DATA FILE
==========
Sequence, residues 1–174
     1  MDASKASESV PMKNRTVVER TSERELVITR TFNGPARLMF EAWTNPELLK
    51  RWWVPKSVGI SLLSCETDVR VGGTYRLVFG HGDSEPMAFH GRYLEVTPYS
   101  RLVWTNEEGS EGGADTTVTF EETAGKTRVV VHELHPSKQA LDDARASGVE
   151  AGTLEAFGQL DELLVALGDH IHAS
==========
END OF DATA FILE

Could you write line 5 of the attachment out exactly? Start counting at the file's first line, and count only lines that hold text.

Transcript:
   151  AGTLEAFGQL DELLVALGDH IHAS